Photo courtesy Migrateful.

As a group next to us begins chopping onions and coriander for the rice and dahi bhalla, Noor starts another table on preparation for the dhal. Soon, everyone in the room has a task—there’s not a unused hand in sight.

“Biryani is a really royal dish,” Noor says. “I tell people to feel royal when they’re having a royal dish.”

As the onions fry in the spices and fill the air with fragrant aromas, someone asks Noor why she uses her hand to judge spice ratios, rather than a spoon. She tells us that her mum and grandma always pinched their fingers together to measure their spices. Each person’s hand is different so there is variation in how each dish turns out.

“No one’s will ever taste exactly the same,” Noor adds.

An hour into our lesson at the India Club and the group of strangers starts to feel more like acquaintances. Over the stirring of spices and sharing of tips for shallow-frying garlic and ginger paste, a contented chatter spreads across the room.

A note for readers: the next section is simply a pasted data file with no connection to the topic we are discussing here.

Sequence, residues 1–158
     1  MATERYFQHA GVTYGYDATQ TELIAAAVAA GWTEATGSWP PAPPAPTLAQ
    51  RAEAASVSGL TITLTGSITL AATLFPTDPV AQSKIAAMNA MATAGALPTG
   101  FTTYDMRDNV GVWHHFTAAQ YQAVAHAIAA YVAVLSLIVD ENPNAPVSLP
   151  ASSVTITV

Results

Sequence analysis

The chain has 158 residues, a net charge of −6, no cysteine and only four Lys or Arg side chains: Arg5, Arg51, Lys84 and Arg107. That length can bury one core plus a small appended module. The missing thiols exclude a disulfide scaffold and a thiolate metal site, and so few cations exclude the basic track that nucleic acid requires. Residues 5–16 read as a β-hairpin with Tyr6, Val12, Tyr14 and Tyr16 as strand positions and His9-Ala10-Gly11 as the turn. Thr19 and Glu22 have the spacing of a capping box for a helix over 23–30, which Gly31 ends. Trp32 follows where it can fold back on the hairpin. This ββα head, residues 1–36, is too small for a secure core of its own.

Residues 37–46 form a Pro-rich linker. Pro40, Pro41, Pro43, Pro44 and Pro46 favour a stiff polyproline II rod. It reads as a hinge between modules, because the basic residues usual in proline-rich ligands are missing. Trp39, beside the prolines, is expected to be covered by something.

"I did my degree in fine art in Pakistan but when you’re an asylum seeker, that doesn’t count. You have to wait and see your status first.”

When I first heard about Migrateful, I wondered whether a cooking lesson led by a migrant chef would feel like an unequal balance of power—attendees paying to enjoy a “charitable” cause with uncomfortable white saviour undertones. Would it be another kind of food-based cultural appropriation? We have certainly seen many instance of this lately, most recently New York entrepreneur Arielle Haspel, who faced backlash for promoting the opening of her Chinese restaurant Lucky Lee’s as a place that served “clean” versions of traditional Chinese dishes, the insinuation being that this food is “dirty” and needs changes to be enjoyed by Western eaters. (Haspel and her husband, the restaurant’s namesake, are both white).